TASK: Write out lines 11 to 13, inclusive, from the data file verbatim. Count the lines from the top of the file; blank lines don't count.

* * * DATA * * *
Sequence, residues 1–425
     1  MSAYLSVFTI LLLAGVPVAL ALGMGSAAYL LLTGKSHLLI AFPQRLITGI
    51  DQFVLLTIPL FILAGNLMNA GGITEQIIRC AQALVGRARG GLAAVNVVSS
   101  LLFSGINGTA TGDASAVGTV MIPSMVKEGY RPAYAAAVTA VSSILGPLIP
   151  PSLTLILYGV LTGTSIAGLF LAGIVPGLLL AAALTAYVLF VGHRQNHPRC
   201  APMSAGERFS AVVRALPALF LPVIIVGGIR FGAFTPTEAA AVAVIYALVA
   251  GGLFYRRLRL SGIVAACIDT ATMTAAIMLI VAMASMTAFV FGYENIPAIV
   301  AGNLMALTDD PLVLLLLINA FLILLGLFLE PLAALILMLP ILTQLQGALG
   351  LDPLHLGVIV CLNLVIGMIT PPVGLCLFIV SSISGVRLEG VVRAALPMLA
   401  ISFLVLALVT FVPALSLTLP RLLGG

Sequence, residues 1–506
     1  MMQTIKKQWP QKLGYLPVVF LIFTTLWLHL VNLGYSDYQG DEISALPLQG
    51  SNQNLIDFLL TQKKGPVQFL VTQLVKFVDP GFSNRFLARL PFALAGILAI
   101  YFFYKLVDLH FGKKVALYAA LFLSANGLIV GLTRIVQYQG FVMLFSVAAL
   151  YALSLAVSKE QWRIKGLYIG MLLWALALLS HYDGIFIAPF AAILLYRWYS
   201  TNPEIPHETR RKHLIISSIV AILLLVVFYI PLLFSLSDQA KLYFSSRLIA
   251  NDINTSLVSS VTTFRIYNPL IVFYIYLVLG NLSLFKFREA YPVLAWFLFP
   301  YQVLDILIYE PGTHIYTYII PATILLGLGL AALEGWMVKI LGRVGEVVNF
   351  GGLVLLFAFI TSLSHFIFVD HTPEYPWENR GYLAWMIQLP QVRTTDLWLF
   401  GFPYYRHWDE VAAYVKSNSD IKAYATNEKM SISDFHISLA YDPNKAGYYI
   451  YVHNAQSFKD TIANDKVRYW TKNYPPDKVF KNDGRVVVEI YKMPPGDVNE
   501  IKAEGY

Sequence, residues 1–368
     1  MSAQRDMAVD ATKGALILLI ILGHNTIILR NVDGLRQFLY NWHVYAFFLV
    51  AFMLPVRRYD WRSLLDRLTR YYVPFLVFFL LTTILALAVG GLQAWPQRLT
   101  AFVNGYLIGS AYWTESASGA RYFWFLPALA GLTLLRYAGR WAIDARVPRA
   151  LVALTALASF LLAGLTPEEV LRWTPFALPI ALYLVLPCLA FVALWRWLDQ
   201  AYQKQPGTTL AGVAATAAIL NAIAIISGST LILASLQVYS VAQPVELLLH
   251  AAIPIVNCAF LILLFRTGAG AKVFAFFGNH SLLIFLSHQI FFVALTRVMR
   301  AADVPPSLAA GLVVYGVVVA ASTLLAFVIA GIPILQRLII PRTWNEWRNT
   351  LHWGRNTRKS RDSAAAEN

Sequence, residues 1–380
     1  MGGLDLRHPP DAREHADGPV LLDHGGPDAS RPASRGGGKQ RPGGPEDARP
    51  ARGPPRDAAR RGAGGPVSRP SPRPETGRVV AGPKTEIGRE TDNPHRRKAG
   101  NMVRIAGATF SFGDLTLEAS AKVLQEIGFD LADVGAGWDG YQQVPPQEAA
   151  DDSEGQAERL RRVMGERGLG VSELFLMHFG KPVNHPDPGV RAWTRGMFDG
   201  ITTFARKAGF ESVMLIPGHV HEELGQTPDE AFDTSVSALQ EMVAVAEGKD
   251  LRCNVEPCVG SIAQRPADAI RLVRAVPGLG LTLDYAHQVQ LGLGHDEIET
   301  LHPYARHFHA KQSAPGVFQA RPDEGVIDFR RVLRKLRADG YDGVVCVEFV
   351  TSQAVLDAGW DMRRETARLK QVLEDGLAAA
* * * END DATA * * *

Sequence, residues 1–506
     1  MMQTIKKQWP QKLGYLPVVF LIFTTLWLHL VNLGYSDYQG DEISALPLQG
    51  SNQNLIDFLL TQKKGPVQFL VTQLVKFVDP GFSNRFLARL PFALAGILAI